Good reading skills are crucial for the MCAT, even in the science sections. Medical School admissions officers actually weigh the critical analysis and reasoning section the heaviest of the entire MCAT, as they consider it as a measure of students’ ability to learn and communicate.

Myth #4

There’s a magic number that an aspirant has to score on the MCAT in order to get into a competitive medical school.

Fact

Total scores for MCAT are centred at 500, which ranges from 472 to 528. The aspirant’s score alone will not predict the acceptance or rejection from a competitive medical school. There is a wide range in scores that medical schools deem to be acceptable, and they will also consider application elements before making a final decision.

Also, check the following link to get more updates about MCAT MCAT Preparation Guide: Check the exam pattern, tips and new changes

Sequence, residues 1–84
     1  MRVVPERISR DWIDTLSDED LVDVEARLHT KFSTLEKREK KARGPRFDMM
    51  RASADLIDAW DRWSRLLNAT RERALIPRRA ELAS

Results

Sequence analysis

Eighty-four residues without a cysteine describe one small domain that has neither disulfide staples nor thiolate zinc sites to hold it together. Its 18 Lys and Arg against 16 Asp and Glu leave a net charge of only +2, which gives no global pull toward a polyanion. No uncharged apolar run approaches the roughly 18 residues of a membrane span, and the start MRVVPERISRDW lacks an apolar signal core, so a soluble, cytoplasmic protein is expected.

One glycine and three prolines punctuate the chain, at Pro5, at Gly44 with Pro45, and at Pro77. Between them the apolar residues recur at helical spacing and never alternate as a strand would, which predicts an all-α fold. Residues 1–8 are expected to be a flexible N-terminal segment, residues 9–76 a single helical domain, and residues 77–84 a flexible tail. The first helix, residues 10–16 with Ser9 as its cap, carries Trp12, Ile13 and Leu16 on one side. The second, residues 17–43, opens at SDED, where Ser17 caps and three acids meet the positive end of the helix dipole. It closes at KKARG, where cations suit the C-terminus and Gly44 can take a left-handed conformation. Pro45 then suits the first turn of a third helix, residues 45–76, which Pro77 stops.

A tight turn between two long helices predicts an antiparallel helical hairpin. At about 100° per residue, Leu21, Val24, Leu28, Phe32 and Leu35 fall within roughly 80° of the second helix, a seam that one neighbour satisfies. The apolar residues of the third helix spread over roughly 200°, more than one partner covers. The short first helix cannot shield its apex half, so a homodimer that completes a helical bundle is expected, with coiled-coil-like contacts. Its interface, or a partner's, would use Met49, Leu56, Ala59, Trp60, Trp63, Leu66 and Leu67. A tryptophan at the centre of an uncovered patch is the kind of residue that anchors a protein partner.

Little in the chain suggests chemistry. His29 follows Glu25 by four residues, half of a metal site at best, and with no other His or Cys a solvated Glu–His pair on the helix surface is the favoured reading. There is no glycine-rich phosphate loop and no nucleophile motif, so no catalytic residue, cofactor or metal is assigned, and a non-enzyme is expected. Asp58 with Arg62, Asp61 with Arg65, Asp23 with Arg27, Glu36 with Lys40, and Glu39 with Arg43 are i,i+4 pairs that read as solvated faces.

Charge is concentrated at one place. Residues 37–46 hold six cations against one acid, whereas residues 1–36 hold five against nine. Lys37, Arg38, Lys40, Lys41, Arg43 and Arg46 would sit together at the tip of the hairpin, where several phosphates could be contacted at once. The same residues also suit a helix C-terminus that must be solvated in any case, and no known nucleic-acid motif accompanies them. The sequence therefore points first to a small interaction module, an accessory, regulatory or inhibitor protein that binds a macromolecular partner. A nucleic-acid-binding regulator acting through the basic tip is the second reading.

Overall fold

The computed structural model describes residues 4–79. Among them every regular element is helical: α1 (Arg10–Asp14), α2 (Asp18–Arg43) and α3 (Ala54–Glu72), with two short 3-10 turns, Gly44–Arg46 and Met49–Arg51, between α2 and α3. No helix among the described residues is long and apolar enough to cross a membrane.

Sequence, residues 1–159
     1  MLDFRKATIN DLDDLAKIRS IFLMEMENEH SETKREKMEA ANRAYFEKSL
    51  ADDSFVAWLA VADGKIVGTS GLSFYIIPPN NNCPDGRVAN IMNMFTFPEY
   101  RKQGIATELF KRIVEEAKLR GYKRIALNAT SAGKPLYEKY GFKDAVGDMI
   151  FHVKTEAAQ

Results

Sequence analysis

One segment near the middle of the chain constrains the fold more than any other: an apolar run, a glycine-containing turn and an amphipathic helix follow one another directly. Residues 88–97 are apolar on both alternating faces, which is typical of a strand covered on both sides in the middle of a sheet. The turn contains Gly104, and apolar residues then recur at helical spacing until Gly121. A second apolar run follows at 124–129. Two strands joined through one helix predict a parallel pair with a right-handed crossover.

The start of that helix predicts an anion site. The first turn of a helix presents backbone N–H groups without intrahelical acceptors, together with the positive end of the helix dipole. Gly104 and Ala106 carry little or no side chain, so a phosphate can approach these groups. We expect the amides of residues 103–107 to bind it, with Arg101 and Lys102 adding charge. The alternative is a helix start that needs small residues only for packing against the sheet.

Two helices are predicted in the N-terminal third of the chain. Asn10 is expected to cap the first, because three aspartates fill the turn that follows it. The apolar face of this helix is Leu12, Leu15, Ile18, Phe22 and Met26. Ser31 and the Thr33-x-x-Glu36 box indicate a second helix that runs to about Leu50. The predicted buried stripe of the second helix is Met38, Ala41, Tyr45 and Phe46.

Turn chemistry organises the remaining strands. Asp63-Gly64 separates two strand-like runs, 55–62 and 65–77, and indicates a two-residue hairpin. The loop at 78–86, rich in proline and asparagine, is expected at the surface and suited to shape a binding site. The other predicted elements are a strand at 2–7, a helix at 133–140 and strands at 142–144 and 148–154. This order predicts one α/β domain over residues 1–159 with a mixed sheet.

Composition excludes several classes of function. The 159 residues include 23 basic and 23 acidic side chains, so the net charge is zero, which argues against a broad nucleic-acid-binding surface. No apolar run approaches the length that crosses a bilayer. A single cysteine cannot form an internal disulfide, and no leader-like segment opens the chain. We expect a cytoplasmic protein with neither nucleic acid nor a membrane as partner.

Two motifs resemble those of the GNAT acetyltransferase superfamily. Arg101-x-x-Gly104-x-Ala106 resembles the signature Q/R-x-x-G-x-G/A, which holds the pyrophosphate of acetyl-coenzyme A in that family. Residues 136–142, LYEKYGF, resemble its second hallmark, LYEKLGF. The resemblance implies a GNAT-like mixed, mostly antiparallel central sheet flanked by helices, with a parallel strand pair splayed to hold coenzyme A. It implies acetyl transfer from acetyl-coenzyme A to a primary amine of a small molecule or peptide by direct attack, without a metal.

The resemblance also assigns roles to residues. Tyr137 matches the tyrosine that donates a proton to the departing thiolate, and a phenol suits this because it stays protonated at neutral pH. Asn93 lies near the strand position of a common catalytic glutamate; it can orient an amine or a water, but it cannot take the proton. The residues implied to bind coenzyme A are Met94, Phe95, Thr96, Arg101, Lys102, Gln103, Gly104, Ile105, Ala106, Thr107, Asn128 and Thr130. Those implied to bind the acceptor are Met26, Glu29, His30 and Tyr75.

Frequently Asked Questions (FAQs)

What is the maximum length of MCAT prep time?

Most students will require 10 to 15 hours per week for at least four to six months to study for the MCAT.

When should a student take the MCAT in preparation for the 2022 cycle?

Between January and April of your application year, you should take the MCAT for the last time. If a student wants to start medical school in August 2023, for example, you’ll need to take the MCAT within the first four months of 2022- no later than April 2022.

How far back the MCAT scores are accepted by the Medical Schools?

Each school is different but mostly the schools accept the scores from tests taken 3 to 5 years ago.

Will medical schools be aware if I void my exam?

Medical Schools do not keep this record of exams you chose to void or no-show. Medical schools only have access to the exams you decided to score. Note, voids or no-shows count as an attempt towards your testing limits.

Summing Up!

Remember, if you ever get confused, don’t be afraid to ask our expert tutors by downloading the Filo App now!

We hope you have benefitted from the information on this blog. Please share your thoughts about the MCAT tests!

Content Writer At Filo.